Cheaper prostate cancer treatment PBS listed


The Pharmaceutical Benefits Scheme has had a new range of medicines added to it, including a more affordable treatment option for those with prostate cancer. Read on to learn more.

Key Points


  • Listing of a new prostate cancer drug on the Pharmaceutical Benefits Scheme makes it cheaper and more accessible. 

  • The drug, Nubeqa, is taken as tablets, in conjunction with traditional androgen deprivation therapy. 

  • Less men were screened for prostate cancer during COVID-19 restrictions. 

A new prostate cancer therapy has been added to the Pharmaceutical Benefits Scheme (PBS), dropping the price of the treatment from $44,000 a year to just $41.30 a month for general patients and $6.60 a month for concession holders. 

The taxpayer subsidised drug is now more accessible for the 1,000 Australian men with castration resistant prostate cancer (nmCRPC) – which means the cancer is set to spread to other parts of the body and no longer responds to traditional testosterone-lowering therapy.  

The medicine, sold as Nubeqa, is an androgen receptor inhibitor that starves cancer cells of the hormones they need to grow and divide. Nubeqa is taken as tablets, in conjunction with traditional androgen deprivation therapy. 

According to Associate Professor David Pook, a Medical Oncologist at Melbourne’s Cabrini Hospital, access to Nubeqa on the PBS will come as great news to men no longer responding to hormone therapy. 

“We no longer need to wait until we can see cancer spots on CT scans and bone scans before we initiate treatment,” he said. 

“We now have the option to act earlier with the goal of delaying the spread of prostate cancer.” 

COVID-19 screening delays


The announcement comes as medical experts and advocates express concern about the impact of COVID-19 lockdowns on prostate cancer screening and diagnosis, blood tests (also known as PSA tests) and scans to gauge cancer activity in those already diagnosed.

“Protecting against COVID-19 must not be at the expense of timely diagnosis or appropriate monitoring of cancer activity,” Dr Pook said. 

“We rely on regular PSA blood tests as well as medical imaging to monitor cancer. When PSA levels double within 10 months, the prospect of cancer becoming visible in lymph nodes and bones is more likely,” he said. 

While 95% of all men with prostate cancer will live at least five years after their diagnosis, Dr Pook explained that once it is detected in lymph nodes, bones or other parts of the body (stage 4), and is not responding to testosterone suppression alone, the chance of a man being alive in five years’ time is only 36%. 

“More treatment options in the earlier stages of prostate cancer highlights the importance of prostate cancer testing to support early diagnosis as well as routine PSA testing during the earlier stages of the disease to identify early cancer progression,” Dr Pook added.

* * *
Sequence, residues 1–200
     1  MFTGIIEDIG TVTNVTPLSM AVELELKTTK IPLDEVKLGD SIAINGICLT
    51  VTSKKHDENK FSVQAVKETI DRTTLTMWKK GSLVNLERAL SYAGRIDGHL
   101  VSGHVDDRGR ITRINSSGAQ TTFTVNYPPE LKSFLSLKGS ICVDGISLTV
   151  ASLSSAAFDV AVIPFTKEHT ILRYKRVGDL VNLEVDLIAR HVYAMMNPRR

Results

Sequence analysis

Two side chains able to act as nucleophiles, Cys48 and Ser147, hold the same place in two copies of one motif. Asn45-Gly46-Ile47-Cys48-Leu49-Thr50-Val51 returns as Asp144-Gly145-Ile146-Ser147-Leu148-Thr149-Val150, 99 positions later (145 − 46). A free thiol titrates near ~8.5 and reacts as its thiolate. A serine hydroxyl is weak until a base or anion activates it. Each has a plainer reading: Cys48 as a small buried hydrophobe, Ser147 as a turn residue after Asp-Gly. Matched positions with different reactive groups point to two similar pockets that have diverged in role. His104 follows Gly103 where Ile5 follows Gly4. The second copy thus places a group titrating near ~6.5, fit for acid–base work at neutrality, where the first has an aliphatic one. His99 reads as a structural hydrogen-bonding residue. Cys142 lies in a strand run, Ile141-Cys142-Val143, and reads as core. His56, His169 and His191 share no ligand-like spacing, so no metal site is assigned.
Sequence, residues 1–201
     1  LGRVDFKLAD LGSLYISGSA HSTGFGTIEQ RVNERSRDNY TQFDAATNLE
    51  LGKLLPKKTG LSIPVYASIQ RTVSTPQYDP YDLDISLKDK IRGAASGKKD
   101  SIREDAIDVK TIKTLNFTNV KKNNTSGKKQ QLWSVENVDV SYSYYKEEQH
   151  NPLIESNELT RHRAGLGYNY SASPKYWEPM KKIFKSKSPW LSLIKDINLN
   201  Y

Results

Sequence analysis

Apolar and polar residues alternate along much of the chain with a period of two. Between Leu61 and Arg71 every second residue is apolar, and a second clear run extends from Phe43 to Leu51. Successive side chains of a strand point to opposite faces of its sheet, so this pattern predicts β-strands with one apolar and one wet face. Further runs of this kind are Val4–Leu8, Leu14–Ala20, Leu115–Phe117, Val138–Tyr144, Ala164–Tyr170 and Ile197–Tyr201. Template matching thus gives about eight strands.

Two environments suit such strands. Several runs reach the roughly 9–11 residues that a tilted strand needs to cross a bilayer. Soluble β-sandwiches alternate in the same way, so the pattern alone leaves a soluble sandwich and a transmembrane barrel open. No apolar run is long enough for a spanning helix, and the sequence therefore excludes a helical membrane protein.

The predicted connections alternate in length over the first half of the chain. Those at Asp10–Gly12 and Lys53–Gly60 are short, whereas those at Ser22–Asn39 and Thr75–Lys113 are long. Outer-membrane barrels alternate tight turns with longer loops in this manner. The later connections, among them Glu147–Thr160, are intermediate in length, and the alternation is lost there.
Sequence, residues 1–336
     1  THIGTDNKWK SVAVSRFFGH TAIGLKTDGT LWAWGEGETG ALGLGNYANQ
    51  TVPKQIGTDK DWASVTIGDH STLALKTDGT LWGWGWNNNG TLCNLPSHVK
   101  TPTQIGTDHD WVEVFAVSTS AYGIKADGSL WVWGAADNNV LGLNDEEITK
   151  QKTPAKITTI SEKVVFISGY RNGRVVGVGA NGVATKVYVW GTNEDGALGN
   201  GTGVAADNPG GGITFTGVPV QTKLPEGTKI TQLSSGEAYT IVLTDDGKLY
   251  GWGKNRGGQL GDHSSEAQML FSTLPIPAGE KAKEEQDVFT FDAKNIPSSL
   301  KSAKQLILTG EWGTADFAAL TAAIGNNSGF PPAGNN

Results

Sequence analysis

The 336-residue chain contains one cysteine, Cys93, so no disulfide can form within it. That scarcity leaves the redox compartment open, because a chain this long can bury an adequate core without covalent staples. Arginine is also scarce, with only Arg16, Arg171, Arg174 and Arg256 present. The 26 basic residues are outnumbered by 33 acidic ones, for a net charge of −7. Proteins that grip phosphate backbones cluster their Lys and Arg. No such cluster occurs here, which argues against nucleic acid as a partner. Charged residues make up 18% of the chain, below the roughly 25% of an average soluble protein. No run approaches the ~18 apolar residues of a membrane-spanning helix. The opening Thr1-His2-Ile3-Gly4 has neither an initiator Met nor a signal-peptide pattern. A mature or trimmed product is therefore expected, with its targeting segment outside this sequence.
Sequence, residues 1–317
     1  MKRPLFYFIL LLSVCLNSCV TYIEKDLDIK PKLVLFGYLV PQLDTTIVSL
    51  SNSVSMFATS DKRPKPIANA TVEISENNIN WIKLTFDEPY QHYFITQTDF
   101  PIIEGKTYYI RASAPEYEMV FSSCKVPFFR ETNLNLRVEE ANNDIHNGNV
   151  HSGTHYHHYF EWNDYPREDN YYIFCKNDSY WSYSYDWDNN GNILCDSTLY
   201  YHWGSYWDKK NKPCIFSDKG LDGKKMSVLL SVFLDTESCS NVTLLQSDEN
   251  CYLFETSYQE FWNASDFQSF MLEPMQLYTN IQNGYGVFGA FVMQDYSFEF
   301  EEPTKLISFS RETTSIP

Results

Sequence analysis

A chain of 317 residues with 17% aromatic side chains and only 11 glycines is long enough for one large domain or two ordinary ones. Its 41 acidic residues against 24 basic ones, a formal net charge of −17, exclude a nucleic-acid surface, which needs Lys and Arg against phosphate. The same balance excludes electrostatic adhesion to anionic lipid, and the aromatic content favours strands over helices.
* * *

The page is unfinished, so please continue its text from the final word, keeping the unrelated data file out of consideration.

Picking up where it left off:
It is estimated that more than 200,000 Australian men are currently living with prostate cancer. Each year, close to 17,000 men are diagnosed with the condition and approximately 3,200 lose their lives to the disease. 

Side effects


As with all medicines, Nubeqa has some side-effects. While uncommon, the most frequent adverse events are fatigue, rash, or pain in an extremity.  

Nubeqa is not suitable for patients with hypersensitivity to the medicine or other substances in the tablet. It is currently not recommended for women to use and can adversely affect foetal development, so it is advised males with female partners of reproductive potential use effective contraception during treatment and for one week after the last dosage. It is also linked to fertility problems in males.  

Caution is also advised for those who have recently suffered a cardiovascular event, or who have impaired liver or kidney function, or are aged under 18 years of age.  

Additional new PBS drugs listed


Respiratory illness 

Australians with a respiratory illness and blood cancer will also have improved access to subsidised medicines through the PBS. 

Chronic obstructive pulmonary disease (COPD) is a preventable and treatable lung disease, which causes the airways in the lungs to narrow, making it difficult to breathe. 

About 1 in 20 Australians aged 45 years and over have COPD and in 2018 it was the fifth leading cause of death. 

Breztri Aerosphere® (budesonide + glycopyrronium + formoterol) is one of the medications now available on the PBS to treat COPD. 

The three ingredients of Breztri Aerosphere® work to reduce swelling and irritation in the lungs and relax the muscles in the airways. Together, they act to relieve and prevent shortness of breath, wheezing and coughing. 

Without PBS subsidy, around 68,000 Australians per year might pay more than $1,000 per year for treatment. 

Blood cancer 

Also now listed on the PBS is Darzalex® (daratumumab) for use in combination with bortezomib and dexamethasone, as a second-line treatment for people with multiple myeloma or blood cancer. 

It is estimated that around 2,423 Australians will be diagnosed with multiple myeloma in 2021. Darzalex® is a ground-breaking treatment that mobilises the patient’s own immune system to fight the disease. This treatment helps to bring improved clinical outcomes and quality of life for those affected by this disease. 

As of 1 November 2021, multiple myeloma patients will now have access to a new subcutaneous form of Darzalex® – which means it can be given as an injection under the skin. 

This provides a more convenient alternative for patients, delivered as a 5minute injection that can be administered at home compared, instead of via hours-long intravenous infusion in a healthcare facility.  

Without PBS subsidy, this new form of treatment would cost patients $136,000 per course.  

Source: PBS